By Matthew Edwards
Published by McFarland, 2017. 280 pages
There are more than a few of these types of “interview” books, where the author has sat down with a variety of people involved in movies, getting their opinions, thoughts, and feelings towards their craft and the movies they’ve worked on. So what makes Twisted Visions different from all of those? A couple of different reasons, really. Edwards not only knows the history of the subjects being interviewed, but also really knows the films being discussed. And the group of underrated filmmakers chosen for this book are probably unknown to most of the mainstream genre fans, but are more than worthy of having their chance to talk about their career. But most importantly, the great thing about this book is that you are going to learn. That’s right…didn’t think you’d find that while reading an interview with the guy that made Nightmares in a Damaged Brain or Combat Shock, did you? But you will.
In his introduction, Edwards writes “In Hollywood, the marketing of the movie has become more important than the quality of the film.” So true, and so sad. Thankfully, the filmmakers covered in this book were not anywhere close to Hollywood and that is a good thing. Edwards has picked a great selection of talent and talks with real passion and respect for them, as well as seeing a lot more here than your average fan. In other words, the guy knows what he’s talking about!
As I mentioned earlier, you will learn a lot when reading this book. Like that director Romano Scavolini, who directed Nightmares in a Damaged Brain, spent time in ‘war-torn regions’ like Vietnam, seeing real life horrors that could never compare what he would later put onscreen. Or that while making the film Schizoid, director David Paulsen found out that Klaus Kinski wasn’t the only crazy actor he had to deal with on set. Or that director Buddy Giovinazzo, director Combat Shock, had not only written a couple of novels, but had also made a few films in Germany. And of course, including Dark Waters director Mariano Baino, within the pages was just a bonus.
Some of the titles covered here sometimes are thrown around with usually a snicker or smirk following it, like how could a film like this be taken seriously. Then you read what actually went into the making of it, with maybe little or no money, a staggering lack of time, or the countless other hurdles these low budget filmmakers came up against, and you start to look at the films a little different. Sure, some of them lack some finesse, talent, and obviously money, but the fact that we’re still talking and reading about them now, several decades later, shows that there still is something in there. Plus the fact that several of these films have already gotten a nice Blu-ray treatment shows that there are still fans out there.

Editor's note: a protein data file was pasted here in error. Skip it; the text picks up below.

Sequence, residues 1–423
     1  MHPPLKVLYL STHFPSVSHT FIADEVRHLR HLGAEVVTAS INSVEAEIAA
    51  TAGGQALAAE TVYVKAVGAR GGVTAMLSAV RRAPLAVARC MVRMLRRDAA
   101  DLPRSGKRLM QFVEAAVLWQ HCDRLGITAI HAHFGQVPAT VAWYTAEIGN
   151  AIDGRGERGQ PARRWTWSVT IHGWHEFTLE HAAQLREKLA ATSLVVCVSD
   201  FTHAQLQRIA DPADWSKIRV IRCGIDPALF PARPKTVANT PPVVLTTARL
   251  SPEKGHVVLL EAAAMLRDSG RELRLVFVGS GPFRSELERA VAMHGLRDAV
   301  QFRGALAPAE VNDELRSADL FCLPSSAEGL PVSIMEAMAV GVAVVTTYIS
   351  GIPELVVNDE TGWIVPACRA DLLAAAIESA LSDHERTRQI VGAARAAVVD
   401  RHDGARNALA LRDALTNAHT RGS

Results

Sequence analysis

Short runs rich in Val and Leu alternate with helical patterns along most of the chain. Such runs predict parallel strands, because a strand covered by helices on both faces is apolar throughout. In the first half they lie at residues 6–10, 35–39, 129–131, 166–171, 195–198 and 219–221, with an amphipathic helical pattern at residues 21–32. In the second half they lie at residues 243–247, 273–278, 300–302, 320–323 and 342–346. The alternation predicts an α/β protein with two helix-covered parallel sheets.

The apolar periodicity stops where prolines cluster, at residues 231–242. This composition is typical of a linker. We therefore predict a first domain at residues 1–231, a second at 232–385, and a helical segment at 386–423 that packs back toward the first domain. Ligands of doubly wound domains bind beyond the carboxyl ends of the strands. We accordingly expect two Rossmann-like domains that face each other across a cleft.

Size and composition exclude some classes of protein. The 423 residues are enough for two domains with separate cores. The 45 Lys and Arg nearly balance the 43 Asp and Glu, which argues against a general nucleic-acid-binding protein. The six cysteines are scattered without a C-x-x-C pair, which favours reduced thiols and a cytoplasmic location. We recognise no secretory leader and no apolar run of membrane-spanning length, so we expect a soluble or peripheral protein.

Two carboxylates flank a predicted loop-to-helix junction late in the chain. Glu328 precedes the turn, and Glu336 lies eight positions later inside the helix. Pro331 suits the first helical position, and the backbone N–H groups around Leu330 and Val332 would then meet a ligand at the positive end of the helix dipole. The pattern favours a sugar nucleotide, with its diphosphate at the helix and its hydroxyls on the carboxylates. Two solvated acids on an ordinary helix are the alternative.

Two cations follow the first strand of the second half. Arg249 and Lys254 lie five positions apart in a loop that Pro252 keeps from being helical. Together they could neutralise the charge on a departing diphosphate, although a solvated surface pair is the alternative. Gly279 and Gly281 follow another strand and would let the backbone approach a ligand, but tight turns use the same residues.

The authors here pull no punches in their answers either, which is quite a nice change from some of the usual Hollywood BS we get fed. Hearing some of the behind the scenes stuff from Joseph Ellison about this film Don’t Go in the House made me want to re-watch it again. Then again, most of the films discussed here did that for me. It just goes to show you that the more you read and learn about a film, no matter how small or big the budget is, you will also look at it differently, and usually with a little more appreciation for what these filmmakers went through.
Other filmmakers covered are Jack Sholder, who has some great stories from making Alone in the Dark and The Hidden, and working on the fringes of Hollywood. Other names like the infamous Jörg Buttgereit (Nekromantic), to some of the newer independents making quite an impact, like Chad Crawford Kinkle (Jug Face) and Scott Schirmer (Found), you have a really well-rounded group of talented individuals that are still showing us that you definitely don’t need to wait for Hollywood to give you another $200 million film that has about as much passion as a step-ladder.
I can guarantee that by the time you finish reading this book, your Need-to-See movie list will grow substantially. And even on that rare chance that you’ve seen all of these films, not only will you still learn quite a bit, you’ll probably end up wanting to re-visit them again.
You can order your copy from McFarland through their website (www.mcfarlandpub.com) or their order line (800-253-2187).